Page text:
• SIG 5 Perspectives provides scholarly articles twice yearly on speech science and cleft/craniofacial clinical topics for continuing education (CE) credit.

  • Affiliates receive discounts on short courses at the ASHA convention, also for CE credit.

  • The SIG 5 online community provides interaction with SLPs with years of experience and expertise in cleft speech characteristics, as well as the latest information on treatment of people with cleft palate or other causes of hypernasal speech.

How does SIG 5 affect the membership at large?
It provides important CE opportunities for SLPs providing services to children with clefts and other structural differences. This education is key for clinicians working with these populations, because coursework on cleft/craniofacial anomalies is not routinely covered in U.S. graduate programs.
The work of SIG 5 helps to move speech science beyond the classroom, integrating it into how we think about our clients and their problems.
Which of your recent Perspectives articles is a must-read for communication sciences and disorders professionals and why?
Using Acoustic Phonetics in Clinical Practice” (July 2010), by Amy T. Neel, reviews the basics of acoustic phonetics. For example, the article explores how clinicians can use visual displays of acoustic information for speech assessment and biofeedback for speech improvement. You will find this review important to your reference library, whether you are a new or seasoned professional, whether you are treating adults or children, or whether you are treating children with developmental-based speech disorders or children with structural anomalies involving the vocal tract.
Another is “’I Can See What You’re Saying:’ Clinical Utility of Spectral Moment Analysis” (October 2011) by Kerry Callahan Mandulak. The article explains the marriage of speech science research and its clinical application for quantifying the difference in “s” versus “sh” distortion versus disorder. It also explains the application of spectral moment analysis to the diagnosis of the sibilant productions of children with cleft palate, to help determine how malocclusion-related structural limitations could affect this habituated error versus obligatory speech sound distortion.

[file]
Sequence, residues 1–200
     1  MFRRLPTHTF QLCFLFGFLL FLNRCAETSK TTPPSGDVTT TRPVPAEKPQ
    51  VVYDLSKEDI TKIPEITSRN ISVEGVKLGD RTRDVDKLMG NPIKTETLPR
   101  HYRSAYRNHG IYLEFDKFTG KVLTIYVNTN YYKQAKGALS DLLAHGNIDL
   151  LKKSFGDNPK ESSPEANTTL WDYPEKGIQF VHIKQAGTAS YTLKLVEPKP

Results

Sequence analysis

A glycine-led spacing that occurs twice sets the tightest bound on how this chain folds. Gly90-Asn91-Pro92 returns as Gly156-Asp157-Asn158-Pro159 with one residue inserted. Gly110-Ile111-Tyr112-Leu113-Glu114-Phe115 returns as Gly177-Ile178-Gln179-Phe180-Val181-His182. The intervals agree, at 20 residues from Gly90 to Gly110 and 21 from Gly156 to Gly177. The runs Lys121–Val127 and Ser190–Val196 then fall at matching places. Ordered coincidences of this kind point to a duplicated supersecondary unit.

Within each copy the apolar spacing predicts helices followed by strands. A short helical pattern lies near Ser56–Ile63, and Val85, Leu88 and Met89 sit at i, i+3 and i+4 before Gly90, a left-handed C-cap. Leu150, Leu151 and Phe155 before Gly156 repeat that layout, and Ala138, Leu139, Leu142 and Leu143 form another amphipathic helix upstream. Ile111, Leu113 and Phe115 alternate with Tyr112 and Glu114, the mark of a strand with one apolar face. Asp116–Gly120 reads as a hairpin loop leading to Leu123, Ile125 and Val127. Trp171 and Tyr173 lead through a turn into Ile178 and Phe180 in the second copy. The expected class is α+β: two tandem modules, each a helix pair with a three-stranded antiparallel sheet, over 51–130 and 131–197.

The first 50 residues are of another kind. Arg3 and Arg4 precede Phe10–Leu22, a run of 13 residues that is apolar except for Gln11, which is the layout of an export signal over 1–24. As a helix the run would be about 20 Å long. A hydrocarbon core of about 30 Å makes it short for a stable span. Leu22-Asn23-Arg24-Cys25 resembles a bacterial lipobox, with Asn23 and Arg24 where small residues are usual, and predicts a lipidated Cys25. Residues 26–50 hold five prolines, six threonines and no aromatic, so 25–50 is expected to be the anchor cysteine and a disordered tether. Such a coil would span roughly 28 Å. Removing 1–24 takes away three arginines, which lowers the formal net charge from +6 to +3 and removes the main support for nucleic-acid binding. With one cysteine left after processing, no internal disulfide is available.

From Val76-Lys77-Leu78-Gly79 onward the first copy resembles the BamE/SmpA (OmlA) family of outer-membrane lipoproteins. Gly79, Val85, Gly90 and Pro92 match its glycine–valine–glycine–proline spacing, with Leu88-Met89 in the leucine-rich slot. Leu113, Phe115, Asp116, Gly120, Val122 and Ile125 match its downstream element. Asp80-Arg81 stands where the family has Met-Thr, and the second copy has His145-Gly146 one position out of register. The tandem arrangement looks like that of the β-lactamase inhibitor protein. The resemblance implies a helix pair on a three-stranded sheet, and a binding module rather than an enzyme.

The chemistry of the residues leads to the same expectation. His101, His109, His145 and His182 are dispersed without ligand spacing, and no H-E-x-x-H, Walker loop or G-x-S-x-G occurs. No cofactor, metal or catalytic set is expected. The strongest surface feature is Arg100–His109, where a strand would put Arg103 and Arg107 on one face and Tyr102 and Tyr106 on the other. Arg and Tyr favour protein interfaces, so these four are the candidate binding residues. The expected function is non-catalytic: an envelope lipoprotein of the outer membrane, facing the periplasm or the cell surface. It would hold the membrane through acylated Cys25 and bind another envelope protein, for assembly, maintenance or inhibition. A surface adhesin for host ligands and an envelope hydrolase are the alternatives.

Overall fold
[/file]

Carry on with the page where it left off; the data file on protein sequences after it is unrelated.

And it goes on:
Over time, what if we could use a tool of speech science research to chart articulation of “s” and “sh,” taking into account the full constellation of interventions (for example, speech-language treatment or orthodontic devices)? This is what we all strive to achieve: clinical application of a research tool that improves our ability to quantify intervention-related changes. Whether a researcher or a clinician, you will likely find something you can relate to in this article.
For more information about ASHA Special Interest Groups and to join, call 800-498-2071 (M–F, 8:30 a.m.–5 p.m. ET) or visit Join a Special Interest Group.
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July 2012
Volume 17, Issue 9